Camping behind the explosives sign! Safety third.
Stay tuned for day three and beyond!
The Ouachita National Forest extends from west of Little Rock all the way into southeastern Oklahoma near the sleepy town of Talihina. It’s a rare east/west mountain chain that features long rolling ridgelines, miles of dirt access roads, and numerous hiking and recreation opportunities.
Early spring is a great time to be backpacking...especially in Arkansas...and the desire to slip out of town for a few days was, to say the least, burning. Cue up the Eagle Rock Loop. This popular weekend loop runs 26 miles over ridgelines, underneath pine groves, and through numerous river crossings. Most folks do this one in three days, as was the plan for this trip.
Time to fuel the Tacoma and crank it east.
I’ve had the fortune lately to date a fiery young lady who, much akin to myself, prefers to be sans roof as often as possible. Though she has hiked and camped forever like I have, this trip was Erin’s first foray into backpacking.
She nailed it.
We took the scenic Talimena Drive on the way out. If you’ve not driven this highway, you’re missing out on 54 miles of hills, curves, and expansive views. The drive runs from Talihina, OK to Mena, AR. Fall is the popular season...but I’ve driven it at various times of the year and never have been disappointed. Go check it out!
Mid-drive picnic stop. It was chilly and breezy so we backed the truck up towards the overlook and enjoyed a cold beverage and some lunch.
Taking refuge from the wind. All the gear is tucked up tight...ready to deploy!
Time to launch!
Within the first half hour or so we found ourselves navigating several wet crossings. Nothing too difficult this first day...but the continual on and off of shoes and socks slowed our pace some. Not to worry though, we enjoyed every minute and embraced the adventure.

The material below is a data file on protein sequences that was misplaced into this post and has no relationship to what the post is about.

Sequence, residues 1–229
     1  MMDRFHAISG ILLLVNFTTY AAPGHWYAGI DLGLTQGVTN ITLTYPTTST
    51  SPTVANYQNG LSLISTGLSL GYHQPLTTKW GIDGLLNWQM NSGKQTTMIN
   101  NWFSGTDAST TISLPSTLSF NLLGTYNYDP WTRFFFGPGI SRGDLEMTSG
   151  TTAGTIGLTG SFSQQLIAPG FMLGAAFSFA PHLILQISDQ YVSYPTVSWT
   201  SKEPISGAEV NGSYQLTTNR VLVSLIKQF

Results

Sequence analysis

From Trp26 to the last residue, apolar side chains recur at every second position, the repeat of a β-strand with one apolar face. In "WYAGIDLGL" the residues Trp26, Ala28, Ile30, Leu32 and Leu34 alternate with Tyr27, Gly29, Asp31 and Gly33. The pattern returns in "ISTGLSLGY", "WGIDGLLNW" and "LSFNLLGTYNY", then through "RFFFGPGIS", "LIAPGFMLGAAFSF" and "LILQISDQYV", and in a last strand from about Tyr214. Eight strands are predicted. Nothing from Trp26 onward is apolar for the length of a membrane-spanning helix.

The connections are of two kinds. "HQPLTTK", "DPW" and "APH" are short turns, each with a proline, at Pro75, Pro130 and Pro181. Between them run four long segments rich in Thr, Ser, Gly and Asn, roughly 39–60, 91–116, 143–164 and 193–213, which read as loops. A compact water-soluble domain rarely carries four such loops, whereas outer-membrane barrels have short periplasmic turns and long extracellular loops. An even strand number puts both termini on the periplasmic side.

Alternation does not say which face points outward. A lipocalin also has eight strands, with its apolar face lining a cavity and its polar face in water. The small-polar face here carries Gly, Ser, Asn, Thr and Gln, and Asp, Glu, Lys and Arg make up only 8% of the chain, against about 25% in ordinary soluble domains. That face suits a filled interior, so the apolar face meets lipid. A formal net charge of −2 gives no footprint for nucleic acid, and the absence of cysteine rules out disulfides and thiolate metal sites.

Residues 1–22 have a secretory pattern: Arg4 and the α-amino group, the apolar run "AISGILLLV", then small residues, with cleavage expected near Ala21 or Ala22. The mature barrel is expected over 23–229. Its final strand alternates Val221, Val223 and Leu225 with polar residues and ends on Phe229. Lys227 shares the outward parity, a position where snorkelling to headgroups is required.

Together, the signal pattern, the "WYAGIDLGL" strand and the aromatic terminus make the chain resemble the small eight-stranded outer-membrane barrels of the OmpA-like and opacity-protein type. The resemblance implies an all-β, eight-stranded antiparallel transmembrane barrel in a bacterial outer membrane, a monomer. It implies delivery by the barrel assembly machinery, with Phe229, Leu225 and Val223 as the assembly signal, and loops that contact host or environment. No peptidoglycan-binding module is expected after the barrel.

Arkansas features some of the prettiest backdrops in this part of the country. How can you argue with that green water?!?
Hiker by a hiker sign.
Sometimes nature lends a hand.
Seriously...this photo is in Arkansas. The water was so pretty!
So pretty that I needed two pics in the blog just to emphasize the point.
Camp One - we had a nice fire and some well-deserved dinner.
Blackberry Lemonade makes me happy! (So did the booze we added....maybe it was just the booze)
Sunny overlooks on day two.
Another wet crossing...another shoe exchange.
Meadow cruise. This loop really offers a wide variety of terrain.
More sunny views of the ridgeline.
Rounding a bend...ticking off the miles.
Evening sunlight over more gorgeous water.
Camp two. My job was to take photos while Erin made dinner. Maybe I was supposed to help make dinner. (She was nice and shared).
Brekkie on day three - hot banana and blueberry granola, coffee for Erin (gross), hot chocolate for Byron (tasty), Rum Chata in both (appropriate).
Mas agua muy bonita.
Little Missouri Falls - very pretty and flowing well from the recent rains! I have a LOT of pics here.
One final wet crossing for the trip. If you’ve seen my Facebook page, you may remember there’s a hidden item in this pic.
Success! We had a nice stroll on day three...a few wet crossings but nothing to raise an eyebrow at. It was a great loop and comes highly recommended! Erin rolled along like a pro and we really had a great time enjoying nature.
Next of course - celebration beers!
After a quick swim to chisel off the first layer of funk, we changed into real clothes for a riverside hang. However...before any of that...we stashed some room-temp beer in the cold Arkansas water. Nature took care of the rest. A quick reconnaissance mission yielded cold beer in hand.
Cheers to hiking and to lowgiene!
We sat on the bridge soaking the sun, watching the water, snacking some cheese, sipping some brews, and wrestling with the idea of having to drive back to the world of responsibilities. Being able to escape from the daily makes the little things even sweeter.
Sunset on the return drive, Muse, OK. Find that one on the map!
The Eagle Rock Loop was a great hike for anyone looking to get away for a weekend! If you'd like any tips or further info, feel free to contact me via Facebook, Instagram, or email!
Now go outside before the heat rolls in!